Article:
Ontario’s Multimatic has set the pace for damper tech since the 2000s, and it’s far from done


Late last year, Porsche Motorsport announced the launch of the seventh-generation 911 GT3 Cup race car intended for use in national and international championships around the globe. The 992-based racer is an all-new product for Porsche and is closely aligned to the 2022 911 GT3 road car. Both the road and race bodies roll off the same production line at Zuffenhausen.

I’ve been a fan of these production-based, spec-911 series for decades, but this announcement hit a little closer to home—literally. Canada’s Multimatic satisfied Porsche Motorsport’s rigorous supplier selection process and was chosen to provide the unique DSSV dampers for all 992 GT3 Cup cars.


Enthusiasts know Multimatic as a key partner in the 21st-century Ford GT and GT Mk II or from Aston Martin’s Valkyrie hypercar, but OEMs know the Ontario-based company as a Tier 1 supplier for components that range from door checks to tailgates. Chances are that you’ve driven a road car with components manufactured by Multimatic; if you’ve wheeled a Chevrolet Camaro Z/28 (or ZL1 1LE), Colorado ZR2, or even the Mercedes-AMG GT, you’ve driven on the company’s Dynamic Suspensions Spool Valve (DSSV) dampers.

To get some insight into Porsche’s process, I rang up Jeremy Sundt, customer experience specialist at Porsche Motorsport North America. Though his job title sounds innocuous, he’s the gentleman who receives all of the grief and complaints if any of Porsche’s 911 GT3 Cup cars don’t perform to teams’ expectations.

Having previously worked with noted racing supplier Cosworth, Sundt knows firsthand the strict process Porsche uses to select new suppliers for their race cars—from the other side of the table—and it’s not an easy task. With GT3 Cup cars, Porsche’s focus is on the quality of the product and parity from one car to the next. Given the ongoing success of GT3 Cup championships, I’d say they’ve been succeeding for quite a while.

Porsche Motorsport North America/Bob Chapman

“Our open competition cars, like our 911 GT3 R and RSR, are developed by performance engineers who want to win races. We want to win Le Mans, we want to win Spa,” Sundt said. “With one-make racing, that’s not the goal. The goal is to make the same car over and over again, and we also want to make a car that, in my opinion, if someone wants to get in there [and change things], they’ll make it worse.”

In motorsport, damper tech has always been a bit of a black art and, especially in spec series, these components are often the difference between winning and losing. Prior to this year’s Porsche Carrera Cup North America Presented by the Cayman Islands championship, top teams would have a specialized focus on dampers within their racing operations.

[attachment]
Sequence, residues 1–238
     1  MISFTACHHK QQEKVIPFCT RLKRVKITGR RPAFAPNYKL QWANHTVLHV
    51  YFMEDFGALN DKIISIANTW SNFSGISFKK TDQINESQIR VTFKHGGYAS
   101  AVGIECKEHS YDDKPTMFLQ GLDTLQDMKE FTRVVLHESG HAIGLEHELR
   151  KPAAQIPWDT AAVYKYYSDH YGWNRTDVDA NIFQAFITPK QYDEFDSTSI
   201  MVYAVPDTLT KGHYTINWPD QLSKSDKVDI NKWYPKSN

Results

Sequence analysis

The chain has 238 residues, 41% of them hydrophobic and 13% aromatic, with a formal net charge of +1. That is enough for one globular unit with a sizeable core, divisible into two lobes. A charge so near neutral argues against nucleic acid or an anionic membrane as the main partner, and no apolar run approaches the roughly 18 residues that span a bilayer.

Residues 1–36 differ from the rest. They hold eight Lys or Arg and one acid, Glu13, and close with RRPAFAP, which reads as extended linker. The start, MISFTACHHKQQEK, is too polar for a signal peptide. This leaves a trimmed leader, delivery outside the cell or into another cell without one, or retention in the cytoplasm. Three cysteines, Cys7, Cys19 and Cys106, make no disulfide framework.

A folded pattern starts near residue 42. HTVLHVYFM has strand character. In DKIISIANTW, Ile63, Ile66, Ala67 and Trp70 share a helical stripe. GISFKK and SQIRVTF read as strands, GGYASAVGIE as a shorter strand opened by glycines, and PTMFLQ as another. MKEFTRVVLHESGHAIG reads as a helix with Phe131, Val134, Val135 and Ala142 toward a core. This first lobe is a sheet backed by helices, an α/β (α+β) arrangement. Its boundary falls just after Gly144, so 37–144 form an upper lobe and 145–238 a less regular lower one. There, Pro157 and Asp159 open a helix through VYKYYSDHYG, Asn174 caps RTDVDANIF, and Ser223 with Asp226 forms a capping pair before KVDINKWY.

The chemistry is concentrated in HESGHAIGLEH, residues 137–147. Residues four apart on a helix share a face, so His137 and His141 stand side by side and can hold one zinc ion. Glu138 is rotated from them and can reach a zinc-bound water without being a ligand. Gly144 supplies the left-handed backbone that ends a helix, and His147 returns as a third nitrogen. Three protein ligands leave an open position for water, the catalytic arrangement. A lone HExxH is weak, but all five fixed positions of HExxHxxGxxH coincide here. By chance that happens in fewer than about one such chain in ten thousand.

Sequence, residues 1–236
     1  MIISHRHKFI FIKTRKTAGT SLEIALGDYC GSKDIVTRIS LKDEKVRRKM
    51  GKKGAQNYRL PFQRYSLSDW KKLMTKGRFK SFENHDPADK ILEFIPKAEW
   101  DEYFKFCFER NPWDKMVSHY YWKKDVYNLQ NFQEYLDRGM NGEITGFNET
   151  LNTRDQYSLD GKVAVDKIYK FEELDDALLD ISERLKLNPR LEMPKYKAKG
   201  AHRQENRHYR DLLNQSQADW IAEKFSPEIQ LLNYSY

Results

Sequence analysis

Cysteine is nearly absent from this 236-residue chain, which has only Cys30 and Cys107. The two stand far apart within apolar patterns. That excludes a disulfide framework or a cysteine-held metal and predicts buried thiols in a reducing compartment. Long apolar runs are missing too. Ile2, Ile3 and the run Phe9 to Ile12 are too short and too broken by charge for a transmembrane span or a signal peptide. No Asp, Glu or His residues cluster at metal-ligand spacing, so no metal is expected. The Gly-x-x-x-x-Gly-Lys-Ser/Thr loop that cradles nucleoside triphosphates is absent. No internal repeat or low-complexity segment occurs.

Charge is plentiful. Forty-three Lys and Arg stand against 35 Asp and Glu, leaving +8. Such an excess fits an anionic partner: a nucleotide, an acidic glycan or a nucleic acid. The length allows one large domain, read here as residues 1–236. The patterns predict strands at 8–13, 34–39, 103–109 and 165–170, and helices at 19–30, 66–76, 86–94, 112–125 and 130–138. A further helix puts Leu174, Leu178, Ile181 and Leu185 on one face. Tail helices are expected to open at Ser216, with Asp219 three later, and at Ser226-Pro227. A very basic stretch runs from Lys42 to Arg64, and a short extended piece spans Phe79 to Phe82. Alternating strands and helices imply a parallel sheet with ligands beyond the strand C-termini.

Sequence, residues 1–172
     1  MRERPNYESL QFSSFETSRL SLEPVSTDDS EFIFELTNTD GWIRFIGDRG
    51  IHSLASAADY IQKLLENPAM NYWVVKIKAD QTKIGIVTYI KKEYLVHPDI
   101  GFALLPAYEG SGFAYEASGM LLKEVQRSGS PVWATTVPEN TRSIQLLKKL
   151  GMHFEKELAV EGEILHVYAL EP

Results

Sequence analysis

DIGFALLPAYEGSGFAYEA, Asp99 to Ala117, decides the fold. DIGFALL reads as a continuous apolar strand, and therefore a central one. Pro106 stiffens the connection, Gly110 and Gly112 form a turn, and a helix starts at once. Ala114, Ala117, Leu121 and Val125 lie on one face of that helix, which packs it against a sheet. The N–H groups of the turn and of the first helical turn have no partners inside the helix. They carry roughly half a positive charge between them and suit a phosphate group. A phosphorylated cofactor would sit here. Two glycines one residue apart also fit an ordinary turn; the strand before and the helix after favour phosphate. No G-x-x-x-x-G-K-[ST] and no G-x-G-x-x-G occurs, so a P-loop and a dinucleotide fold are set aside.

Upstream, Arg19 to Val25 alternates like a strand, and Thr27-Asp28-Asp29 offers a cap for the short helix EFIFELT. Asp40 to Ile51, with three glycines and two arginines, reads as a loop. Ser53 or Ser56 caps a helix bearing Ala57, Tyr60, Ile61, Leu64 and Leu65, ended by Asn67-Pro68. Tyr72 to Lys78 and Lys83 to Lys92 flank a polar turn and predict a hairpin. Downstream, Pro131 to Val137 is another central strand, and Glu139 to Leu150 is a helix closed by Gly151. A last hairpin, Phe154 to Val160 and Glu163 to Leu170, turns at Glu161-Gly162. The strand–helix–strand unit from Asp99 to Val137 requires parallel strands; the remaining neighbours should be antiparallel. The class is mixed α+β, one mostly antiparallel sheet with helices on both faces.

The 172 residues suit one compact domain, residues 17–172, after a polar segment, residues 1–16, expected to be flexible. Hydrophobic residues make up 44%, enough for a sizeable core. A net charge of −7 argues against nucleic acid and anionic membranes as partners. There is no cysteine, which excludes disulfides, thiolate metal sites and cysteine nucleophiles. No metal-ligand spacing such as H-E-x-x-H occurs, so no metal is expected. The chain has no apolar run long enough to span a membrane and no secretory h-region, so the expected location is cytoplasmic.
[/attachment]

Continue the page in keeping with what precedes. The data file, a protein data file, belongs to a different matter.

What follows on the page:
“Teams would have a truck full of dampers and go to the shock dyno with the dampers and master them all up to find the ones that are within three or four percent of each other,” Sundt said. “They’d all perform differently when they’re hot, when they’re cold, when they’re new. If you have that, then you have a series where the best teams are going to have thousands of dampers. The letter of the law says they can’t rebuild them, but they can get them rebuilt by the manufacturer—then they put the dampers back on the shock dyno, get their [force-velocity] curves, and find which dampers are best for individual circuits.”

Porsche Motorsport North America/Bob Chapman

It’s entirely possible, then, that a team competing in a one-make championship has an entire program dedicated to testing a component that, technically, it isn’t allowed to modify. What makes a good damper, according to Sundt? One that performs the same on day one as it does on day four, on the first hour of a race and on the twentieth. In this strange dance, the burden of optimizing the damper weighs even heavier on the original manufacturer.

“Imagine you’re a damper manufacturer and Porsche comes to you and says we need a damper to last for X hours on any track, at any temperature, and it has to produce the same damper curve at all times,” Sundt says. “Think about that.”

As it turns out, the DSSV damper is specified in the GT3 Cup car service manual as a 90-hour part, which is over three times the amount of track time drivers have available to them in this year’s entire championship—even including official practice and qualifying.

Porsche Motorsport North America/Wes Duenkel

If there’s a company that can contemplate the development of a damper that can meet Porsche’s criteria, it’s certainly Multimatic. DSSV stands for Dynamic Suspensions Spool Valve, but the most important phrase to understand is spool valve. The Ontario-based company pioneered and patented spool valve technology for use in automotive dampers.

When I was introduced to the DSSV shocks in the 2014 Chevrolet Camaro Z/28, I knew nothing of spool valves and I was quickly educated by Larry Holt, the mastermind behind Multimatic’s advanced technologies and motorsport engineering. Mechanical engineers will recognize the nature of these valves because they’re used in aerospace or construction equipment for precision motion control of hydraulic systems.

2014 Chevrolet Camaro Z/28 Chevrolet/Richard Prince

The most common type of shock design today—whether tuned for road, race, and even off-road driving—uses stacks of shims (imagine flexible washers) to control fluid flow from one chamber to another within the shock body.